Secondly, everyone online quickly found their outlets online:  twitter accounts, facebook pages, race sign up communities, personal accounts of key executives like Karen Handel. Komen was then flooded with overwhelmingly negative comments in every possible online venue. Not only did they completely fail to respond in any meaningful fashion for over 36 hours, they dug the hole deeper for themselves. In Kivi’s story linked above she mentions they announced a new sponsor, Energizer, for one of their events like nothing was going on. People promptly started complaining to Energizer about the decision. Karen Handel retweeted something further reinforcing the ideological nature of the decision and then backed off it quickly.

That’s bad enough to ensure that everyone at Komen was having a really bad day. But as all this was going on there were more stories being written and activists were planning actions. I saw emails from MoveOn, CREDO, and Planned Parenthood go out to their full memberships. That drove more calls, more online anger, and more activists to start digging. That’s not even a complete list, I’m sure plenty of other organizations sent something out too. This also translated into small dollar donations for Planned Parenthood, over $400K at last count. It was just announced today that Mayor Bloomberg is contributing $250K to Planned Parenthood. And just like that the full amount Komen took away, and more has been raised. Sites like plannedparenthoodsavedme.tumblr.com started popping up. Those stories will be useful for any campaign that might be launched by enterprising activists and it’ll feed journalists personal stories they love.

As the news cycle continued we started getting more stories about how the decision came about and resignations started dripping out. The folks at Komen made an attempt to get on TV and address this but it was too little too late. The story continued to build. 22 Senators have sent a strongly worded letter to Komen. Activists started doing what they do best, turning up new angles to keep the cycle going. A blogger in Georgia has filed an ethics complaint against Karen Handel (Edit: this is from 2010 read too quickly, but still an example of the dirt that gets churned up). People started digging into all these other areas of criticism for Komen. Most of these are known critiques, but new life has been given to them. As it turns out there is even a documentary coming out that couldn’t have better timing. The trailer is below.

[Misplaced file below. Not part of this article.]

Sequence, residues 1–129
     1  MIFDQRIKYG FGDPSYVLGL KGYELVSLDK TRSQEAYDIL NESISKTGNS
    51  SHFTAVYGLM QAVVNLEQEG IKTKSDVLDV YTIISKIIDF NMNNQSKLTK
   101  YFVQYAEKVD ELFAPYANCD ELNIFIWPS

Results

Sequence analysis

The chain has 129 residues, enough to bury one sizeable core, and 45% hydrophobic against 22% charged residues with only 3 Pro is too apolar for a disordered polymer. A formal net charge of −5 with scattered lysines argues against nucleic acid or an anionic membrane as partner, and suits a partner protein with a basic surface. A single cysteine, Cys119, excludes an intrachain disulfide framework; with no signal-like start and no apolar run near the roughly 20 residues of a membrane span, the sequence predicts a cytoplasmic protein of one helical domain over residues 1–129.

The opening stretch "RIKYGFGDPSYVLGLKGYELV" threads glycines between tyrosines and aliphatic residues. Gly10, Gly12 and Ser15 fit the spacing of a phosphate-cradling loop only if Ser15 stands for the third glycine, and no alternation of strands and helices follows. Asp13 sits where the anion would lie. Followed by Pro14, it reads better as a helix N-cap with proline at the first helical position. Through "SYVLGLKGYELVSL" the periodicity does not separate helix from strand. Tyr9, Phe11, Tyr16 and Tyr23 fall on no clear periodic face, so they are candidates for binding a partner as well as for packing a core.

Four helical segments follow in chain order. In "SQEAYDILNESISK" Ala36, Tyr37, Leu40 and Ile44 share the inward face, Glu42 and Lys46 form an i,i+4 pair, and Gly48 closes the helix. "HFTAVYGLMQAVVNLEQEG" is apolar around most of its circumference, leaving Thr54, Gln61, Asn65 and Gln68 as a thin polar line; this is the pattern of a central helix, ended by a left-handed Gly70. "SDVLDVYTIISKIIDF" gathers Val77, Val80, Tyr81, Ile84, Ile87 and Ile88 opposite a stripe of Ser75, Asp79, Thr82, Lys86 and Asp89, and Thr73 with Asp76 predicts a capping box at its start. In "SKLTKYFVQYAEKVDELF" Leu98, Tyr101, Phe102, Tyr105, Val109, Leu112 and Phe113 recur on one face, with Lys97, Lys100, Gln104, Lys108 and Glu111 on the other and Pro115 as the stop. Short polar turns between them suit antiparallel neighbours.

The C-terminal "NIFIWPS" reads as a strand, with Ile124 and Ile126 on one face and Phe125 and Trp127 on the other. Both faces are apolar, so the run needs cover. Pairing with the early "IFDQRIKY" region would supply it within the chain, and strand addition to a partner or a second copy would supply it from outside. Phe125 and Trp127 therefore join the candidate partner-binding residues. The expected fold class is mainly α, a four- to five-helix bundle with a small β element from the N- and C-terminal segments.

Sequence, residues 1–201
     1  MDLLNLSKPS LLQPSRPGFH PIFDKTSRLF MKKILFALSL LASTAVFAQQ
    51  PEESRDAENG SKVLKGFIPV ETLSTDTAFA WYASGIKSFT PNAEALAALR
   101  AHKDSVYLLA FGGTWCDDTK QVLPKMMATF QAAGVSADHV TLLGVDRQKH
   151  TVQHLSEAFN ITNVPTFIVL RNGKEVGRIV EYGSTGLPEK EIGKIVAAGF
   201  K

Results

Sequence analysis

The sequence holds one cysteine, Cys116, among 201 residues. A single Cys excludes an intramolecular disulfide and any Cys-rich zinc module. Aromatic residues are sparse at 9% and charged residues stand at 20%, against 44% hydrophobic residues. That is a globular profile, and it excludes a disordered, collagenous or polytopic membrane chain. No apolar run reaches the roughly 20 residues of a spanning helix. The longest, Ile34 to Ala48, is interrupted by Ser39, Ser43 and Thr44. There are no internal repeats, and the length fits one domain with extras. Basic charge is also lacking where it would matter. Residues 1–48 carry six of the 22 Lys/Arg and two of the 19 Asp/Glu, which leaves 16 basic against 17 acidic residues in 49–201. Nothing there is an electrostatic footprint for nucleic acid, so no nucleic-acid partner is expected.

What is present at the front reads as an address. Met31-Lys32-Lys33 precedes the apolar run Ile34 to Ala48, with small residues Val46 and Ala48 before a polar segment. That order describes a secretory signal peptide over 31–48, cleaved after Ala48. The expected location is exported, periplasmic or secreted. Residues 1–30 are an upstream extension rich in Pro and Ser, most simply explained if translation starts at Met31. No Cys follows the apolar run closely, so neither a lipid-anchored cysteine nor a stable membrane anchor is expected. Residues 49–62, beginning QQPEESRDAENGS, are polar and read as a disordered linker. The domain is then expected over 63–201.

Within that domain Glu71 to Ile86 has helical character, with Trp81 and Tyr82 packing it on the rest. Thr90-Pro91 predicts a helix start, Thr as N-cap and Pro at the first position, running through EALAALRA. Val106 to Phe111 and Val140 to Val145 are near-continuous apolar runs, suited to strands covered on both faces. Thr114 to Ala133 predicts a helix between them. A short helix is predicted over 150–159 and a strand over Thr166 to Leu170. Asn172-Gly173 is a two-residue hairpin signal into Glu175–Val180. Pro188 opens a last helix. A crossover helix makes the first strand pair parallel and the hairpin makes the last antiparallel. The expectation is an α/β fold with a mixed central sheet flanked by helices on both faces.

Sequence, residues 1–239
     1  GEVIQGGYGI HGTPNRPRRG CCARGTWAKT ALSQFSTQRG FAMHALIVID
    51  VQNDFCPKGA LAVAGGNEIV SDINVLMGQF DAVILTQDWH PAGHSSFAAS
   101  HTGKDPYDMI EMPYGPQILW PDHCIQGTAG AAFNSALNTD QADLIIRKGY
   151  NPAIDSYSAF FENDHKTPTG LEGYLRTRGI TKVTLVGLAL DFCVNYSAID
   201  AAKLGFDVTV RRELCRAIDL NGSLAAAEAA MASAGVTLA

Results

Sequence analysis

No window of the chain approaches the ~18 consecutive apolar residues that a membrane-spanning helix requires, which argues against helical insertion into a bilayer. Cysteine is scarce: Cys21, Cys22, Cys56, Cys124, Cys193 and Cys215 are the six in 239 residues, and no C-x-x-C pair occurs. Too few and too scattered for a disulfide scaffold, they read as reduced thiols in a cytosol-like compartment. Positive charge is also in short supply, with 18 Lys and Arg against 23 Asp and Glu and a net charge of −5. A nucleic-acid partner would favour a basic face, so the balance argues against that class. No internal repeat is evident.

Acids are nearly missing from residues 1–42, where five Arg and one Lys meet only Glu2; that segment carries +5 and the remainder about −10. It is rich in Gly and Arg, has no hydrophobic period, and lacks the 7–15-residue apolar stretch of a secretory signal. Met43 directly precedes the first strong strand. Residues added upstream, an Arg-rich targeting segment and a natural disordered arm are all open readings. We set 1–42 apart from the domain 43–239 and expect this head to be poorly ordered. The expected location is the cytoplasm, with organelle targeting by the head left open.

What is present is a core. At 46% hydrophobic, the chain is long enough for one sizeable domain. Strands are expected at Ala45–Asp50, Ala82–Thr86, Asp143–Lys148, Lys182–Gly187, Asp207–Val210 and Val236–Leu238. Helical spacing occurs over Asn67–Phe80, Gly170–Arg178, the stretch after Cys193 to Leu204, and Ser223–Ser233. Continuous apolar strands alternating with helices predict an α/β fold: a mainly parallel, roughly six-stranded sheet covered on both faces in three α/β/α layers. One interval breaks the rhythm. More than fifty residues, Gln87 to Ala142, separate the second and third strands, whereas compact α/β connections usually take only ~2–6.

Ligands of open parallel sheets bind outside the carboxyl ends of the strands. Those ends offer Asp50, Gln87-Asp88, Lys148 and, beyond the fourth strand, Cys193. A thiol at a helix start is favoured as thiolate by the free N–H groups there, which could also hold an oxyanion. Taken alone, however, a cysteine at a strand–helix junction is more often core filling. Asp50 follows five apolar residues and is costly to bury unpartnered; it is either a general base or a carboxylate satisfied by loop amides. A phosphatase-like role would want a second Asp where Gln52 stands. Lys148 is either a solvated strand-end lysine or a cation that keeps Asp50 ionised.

And there’s absolutely nothing Komen can do to stop the story now. Even if they were to announce that the people responsible for the decision had been fired and the funds were being restored there’s plenty to keep going. And a door has been opened for all sorts of activism that wouldn’t have made an impact just 72 hours ago. New dimensions to this story will surface on their own, or activists will take action to keep the story going.

What’s also presumably happening, or will happen soon, is activists on the other side of the aisle will go to work telling their story. They’ll do similar activism and make their own media pitches. Komen will ultimately end up in the middle of it, caught in the crossfire.

At the end of it, whenever that comes, Komen will be a completely different organization. By changing their mission and stepping into a political debate unprepared, they will have had their future written for them by others.


About Raven Brooks

Executive director of Netroots Foundation and Netroots Nation.

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Comments

  1. [...] need to be quick and creative. These are the same principles folks applied recently with the the Komen fiasco and the pepper spraying cop. Even through you have less time, you still need to go through the [...]